I was honored to give a Second Hour presentation on “The Reformation and Congregational Song” a few weeks ago. Preparing for the talk reminded me of the importance the sixteenth century reformers placed on the role of the congregation in singing the word. It was a literal embodiment of the principle of “the priesthood of all believers” to engage the entire worshiping body in singing the service. I remember when I was interviewed for my position at the church that I expressed the ideal that there would be no distinction between choir and congregation, that we would all be singers together. I often remind the choir that their role is to provide leadership in hymn singing and that the anthems we sing serve as a model for excellent singing.
Our “Bible” for congregational song is the hymnal. I’ve been around long enough that I still think of the New Century Hymnal as “the new hymnal.” The Pilgrim Hymnal, its immediate predecessor in our pews, seemed to have been around for a long time; it was the first hymnal in the late 1950s for the newly formed United Church of Christ. We learned, around the time of the current book, that the life-expectancy for hymnals in our denomination is about 20 years. The Pilgrim Hymnal had been around a good bit longer than that. It wasn’t always easy to find the best material in that hymnal to reflect the direction of our preaching in the 1990s.
Now, the songbook that we use has been around for about 25 years. We have learned many new and excellent hymns. Some have already become “old favorites!” Lots of familiar hymns stayed with us, others were re-commissioned for new uses. It’s been a good book for us. But, we are always looking to enliven the singing of the church. To match the preaching of the twenty first century, the direction of our church today, we are seeking other music to sing. Let us know when you think we are hitting it right. Suggest new songs that you might have encountered elsewhere. How can we better supplement the repertoire we all share?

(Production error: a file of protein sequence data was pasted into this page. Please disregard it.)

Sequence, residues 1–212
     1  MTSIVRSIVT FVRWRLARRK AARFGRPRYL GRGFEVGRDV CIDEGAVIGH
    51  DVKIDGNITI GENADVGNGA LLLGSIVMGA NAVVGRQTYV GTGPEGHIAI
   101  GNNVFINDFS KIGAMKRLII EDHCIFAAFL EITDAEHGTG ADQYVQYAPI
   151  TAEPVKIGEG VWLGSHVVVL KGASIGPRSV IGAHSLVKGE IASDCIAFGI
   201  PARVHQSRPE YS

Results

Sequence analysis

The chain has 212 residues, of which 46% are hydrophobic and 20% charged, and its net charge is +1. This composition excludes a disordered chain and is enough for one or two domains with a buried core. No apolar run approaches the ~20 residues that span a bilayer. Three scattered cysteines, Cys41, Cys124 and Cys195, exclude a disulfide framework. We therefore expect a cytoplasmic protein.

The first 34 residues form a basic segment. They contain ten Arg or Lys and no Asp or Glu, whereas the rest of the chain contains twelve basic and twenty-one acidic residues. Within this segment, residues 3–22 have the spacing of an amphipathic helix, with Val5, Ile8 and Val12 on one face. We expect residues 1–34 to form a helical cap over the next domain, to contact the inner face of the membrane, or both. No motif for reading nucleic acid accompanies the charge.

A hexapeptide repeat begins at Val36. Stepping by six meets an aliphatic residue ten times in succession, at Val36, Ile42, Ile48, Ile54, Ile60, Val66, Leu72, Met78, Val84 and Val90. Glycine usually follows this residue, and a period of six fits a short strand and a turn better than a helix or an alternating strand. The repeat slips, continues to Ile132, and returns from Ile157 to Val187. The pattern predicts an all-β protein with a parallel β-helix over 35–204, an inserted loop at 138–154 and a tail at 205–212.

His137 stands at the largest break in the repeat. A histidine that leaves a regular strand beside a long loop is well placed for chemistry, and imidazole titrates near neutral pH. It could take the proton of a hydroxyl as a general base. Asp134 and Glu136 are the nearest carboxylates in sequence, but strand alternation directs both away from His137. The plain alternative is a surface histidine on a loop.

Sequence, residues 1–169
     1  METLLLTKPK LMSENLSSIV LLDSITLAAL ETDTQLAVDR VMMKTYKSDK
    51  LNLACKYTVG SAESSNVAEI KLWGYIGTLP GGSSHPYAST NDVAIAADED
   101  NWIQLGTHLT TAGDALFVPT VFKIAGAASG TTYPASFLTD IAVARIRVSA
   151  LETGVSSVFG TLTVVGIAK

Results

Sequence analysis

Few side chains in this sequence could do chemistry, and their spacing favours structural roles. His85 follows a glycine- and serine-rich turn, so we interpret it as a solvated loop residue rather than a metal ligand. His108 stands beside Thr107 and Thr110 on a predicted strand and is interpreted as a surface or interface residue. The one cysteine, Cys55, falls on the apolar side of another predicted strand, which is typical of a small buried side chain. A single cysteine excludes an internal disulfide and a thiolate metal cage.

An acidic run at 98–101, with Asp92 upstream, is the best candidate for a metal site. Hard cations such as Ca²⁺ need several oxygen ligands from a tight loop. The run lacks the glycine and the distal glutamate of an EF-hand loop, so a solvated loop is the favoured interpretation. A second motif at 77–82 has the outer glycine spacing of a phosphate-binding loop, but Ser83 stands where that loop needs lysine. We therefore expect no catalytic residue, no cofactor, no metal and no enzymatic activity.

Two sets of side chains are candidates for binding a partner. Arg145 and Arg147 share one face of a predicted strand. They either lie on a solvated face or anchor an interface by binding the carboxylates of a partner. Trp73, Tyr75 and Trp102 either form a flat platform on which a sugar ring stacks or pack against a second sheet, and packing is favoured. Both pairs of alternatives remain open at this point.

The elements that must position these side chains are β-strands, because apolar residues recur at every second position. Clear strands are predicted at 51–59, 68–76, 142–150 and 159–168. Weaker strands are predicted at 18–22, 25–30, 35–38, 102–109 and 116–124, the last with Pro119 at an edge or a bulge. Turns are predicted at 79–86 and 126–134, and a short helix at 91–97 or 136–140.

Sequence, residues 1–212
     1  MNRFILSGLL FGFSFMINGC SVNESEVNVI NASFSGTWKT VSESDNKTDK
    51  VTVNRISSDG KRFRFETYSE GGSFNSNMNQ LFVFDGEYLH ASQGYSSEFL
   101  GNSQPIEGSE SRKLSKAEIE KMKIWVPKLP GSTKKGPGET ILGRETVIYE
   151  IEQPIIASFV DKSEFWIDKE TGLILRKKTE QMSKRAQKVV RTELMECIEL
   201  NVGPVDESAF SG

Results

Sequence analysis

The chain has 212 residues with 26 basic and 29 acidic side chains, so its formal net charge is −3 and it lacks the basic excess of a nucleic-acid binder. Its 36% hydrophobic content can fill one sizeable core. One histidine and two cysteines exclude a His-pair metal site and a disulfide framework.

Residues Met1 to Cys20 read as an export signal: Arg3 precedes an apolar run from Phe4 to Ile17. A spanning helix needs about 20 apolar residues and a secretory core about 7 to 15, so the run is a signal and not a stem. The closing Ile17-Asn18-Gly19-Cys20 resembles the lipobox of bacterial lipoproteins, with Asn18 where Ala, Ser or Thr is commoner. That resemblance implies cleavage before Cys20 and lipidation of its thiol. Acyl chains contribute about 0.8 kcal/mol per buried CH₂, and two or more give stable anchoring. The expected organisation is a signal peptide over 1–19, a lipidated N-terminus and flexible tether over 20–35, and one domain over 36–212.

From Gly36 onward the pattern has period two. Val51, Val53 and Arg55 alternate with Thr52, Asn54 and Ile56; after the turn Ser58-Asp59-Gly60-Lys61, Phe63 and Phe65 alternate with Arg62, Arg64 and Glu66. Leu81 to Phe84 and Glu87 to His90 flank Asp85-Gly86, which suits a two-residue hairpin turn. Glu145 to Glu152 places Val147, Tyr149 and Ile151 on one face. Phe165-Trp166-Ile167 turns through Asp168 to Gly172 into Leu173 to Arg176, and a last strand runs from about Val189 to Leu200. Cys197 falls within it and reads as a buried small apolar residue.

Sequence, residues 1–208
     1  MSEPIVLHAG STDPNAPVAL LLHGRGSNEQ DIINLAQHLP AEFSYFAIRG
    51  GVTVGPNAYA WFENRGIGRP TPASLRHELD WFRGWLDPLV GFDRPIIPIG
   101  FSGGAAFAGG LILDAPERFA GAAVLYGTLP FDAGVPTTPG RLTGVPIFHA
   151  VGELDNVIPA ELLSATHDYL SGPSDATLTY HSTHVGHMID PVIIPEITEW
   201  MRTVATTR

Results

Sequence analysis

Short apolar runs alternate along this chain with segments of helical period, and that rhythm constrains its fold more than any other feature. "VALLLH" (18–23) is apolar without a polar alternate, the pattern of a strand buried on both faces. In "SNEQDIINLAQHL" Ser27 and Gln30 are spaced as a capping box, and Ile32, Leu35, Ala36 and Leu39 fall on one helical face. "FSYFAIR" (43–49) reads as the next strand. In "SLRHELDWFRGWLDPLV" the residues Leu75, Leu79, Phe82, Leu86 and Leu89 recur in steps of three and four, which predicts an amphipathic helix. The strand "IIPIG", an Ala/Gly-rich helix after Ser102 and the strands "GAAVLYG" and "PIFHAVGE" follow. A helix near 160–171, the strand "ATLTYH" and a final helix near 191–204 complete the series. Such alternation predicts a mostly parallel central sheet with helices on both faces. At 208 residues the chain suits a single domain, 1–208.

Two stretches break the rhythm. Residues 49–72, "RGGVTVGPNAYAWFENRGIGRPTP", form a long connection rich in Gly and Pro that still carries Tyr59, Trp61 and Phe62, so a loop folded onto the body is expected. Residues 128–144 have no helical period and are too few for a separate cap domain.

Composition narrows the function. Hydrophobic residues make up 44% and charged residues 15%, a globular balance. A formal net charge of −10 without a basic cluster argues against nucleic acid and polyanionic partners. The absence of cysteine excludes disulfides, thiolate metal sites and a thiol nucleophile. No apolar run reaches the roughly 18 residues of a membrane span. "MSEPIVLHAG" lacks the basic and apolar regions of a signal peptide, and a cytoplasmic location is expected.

Then, there is the choir, the “leader and model” for our singing. You could preach a sermon about the loyalty and dedication of our terrific singers. A genuine inspiration! But, how I can I spread the choir net a little wider, maybe to include you? The commitment to regular Thursday rehearsals may seem daunting. How about committing to a shorter term? We have enjoyed women’s choir and men’s choir in some of our summer Sundays, and it’s been fun to welcome more new singers each time. We have a couple of new opportunities on the closer horizon:
- Christmas Eve choir. We will rehearse music for this service on Thursdays, Dec. 7, 14, and 21 for the Dec. 24 service. There will be lots of singing, and we’d love to have you be part of it. High school students and returning college students are also welcome. Rehearsals begin at 7:30 and end at 9:00.
- I have invited Tendai Muparutsa, the director of the Zambezi Marimba Band, to help us with the music for a service built around African percussion. There will surely also be singing. I’m hoping to get a group of our folks to work with Tendai for a few weeks in preparation. Interested?
- We will repeat the Lenten Messiah sing-along. As we did last year, I will offer a series of rehearsals for singers who may be less familiar with the Lenten portions of the great choral work. Watch for dates.
Here’s to a singing church!
Yours in Christ,
Edwin Lawrence, Minister of Musicere’